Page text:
I still remember my very first contact with Mr. Randi. I was a faithful reader of his work (at the time, SWIFT was mailed out through something largely unknown to the younger readers of this page, called “the mail”). I had seen a commercial for an upcoming television show in which Mr. Randi was to debate supporters of the supernatural. The panel was stacked decidedly against him, and I worried it was a trap. So, with truly stunning naiveté, I send him an email warning him that he might be being set up. I warned him, with the passion that comes from not really knowing what you are talking about, that he was walking into a situation which was (gasp) biased against him! I received back a prompt email reply, of but one sentence. It read “but what if I win?” Happily, Mr. Randi did not form the obvious snap judgment about my intelligence one might think, and a long and fulfilling email exchange ensued. From that, a rich friendship not only with Mr. Randi, but with all of you. Oh, and I call him Mr. Randi, over his objections. He wants everyone to simply call him “Randi.” But I can not bring myself to do that. I was raised to treat those I respect with deference. And so he shall always be Mr. Randi to me.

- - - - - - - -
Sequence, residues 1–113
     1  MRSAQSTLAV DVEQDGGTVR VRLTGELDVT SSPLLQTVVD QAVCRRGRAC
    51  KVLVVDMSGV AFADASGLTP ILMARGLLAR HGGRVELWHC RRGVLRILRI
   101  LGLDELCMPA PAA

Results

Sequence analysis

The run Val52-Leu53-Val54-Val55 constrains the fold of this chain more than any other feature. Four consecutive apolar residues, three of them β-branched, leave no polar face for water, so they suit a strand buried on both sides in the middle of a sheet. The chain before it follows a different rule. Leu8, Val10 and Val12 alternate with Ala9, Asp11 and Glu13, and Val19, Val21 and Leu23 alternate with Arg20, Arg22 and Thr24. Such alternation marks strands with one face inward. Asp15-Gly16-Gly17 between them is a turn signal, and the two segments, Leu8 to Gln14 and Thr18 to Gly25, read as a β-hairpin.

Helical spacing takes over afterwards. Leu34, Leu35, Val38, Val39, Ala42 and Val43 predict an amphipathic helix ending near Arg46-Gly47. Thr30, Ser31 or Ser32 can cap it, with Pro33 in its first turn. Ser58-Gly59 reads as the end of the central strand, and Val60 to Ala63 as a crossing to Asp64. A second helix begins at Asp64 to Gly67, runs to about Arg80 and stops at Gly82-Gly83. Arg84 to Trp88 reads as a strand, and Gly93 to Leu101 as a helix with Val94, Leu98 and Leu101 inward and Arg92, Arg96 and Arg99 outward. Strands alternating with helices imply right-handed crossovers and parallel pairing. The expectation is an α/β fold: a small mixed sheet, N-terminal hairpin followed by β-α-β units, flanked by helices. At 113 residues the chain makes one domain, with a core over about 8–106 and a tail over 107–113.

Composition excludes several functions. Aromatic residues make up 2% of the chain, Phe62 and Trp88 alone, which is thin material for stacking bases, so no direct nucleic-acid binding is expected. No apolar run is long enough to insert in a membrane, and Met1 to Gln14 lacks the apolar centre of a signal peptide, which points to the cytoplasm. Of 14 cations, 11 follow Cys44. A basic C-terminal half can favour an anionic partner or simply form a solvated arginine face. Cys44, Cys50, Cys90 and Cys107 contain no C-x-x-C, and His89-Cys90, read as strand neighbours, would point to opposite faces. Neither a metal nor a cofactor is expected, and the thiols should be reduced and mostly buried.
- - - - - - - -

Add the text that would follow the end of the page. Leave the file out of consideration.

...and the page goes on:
Having been a part of each TAM thus far, I have marveled every year at the ease with which the participants mix. There are no barriers between the internationally renown, and those whose greatness is known only to their families and friends. I remember Professor Dawkins sitting at the back of the room, listening intently to the other speakers and offering questions, comments, and kind words. I remember Adam Savage of the MythBusters happily sitting with a group of “regular” folks, chatting excitedly about his work. I remember Julia Sweeney happily posing for a seemingly endless stream of folks wanting a picture with her. I remember a Nobel Laureate, Dr. Gell-Mann, attending the Forum’s TAM party, and I remember Phil Plait, after hearing of the loss of the Columbia, stepping up to give a powerful talk on the importance of space science and critical thinking. And I remember how lucky I am to be part of this group. And here’s the cool part: you can be part too. All you need to do is show up.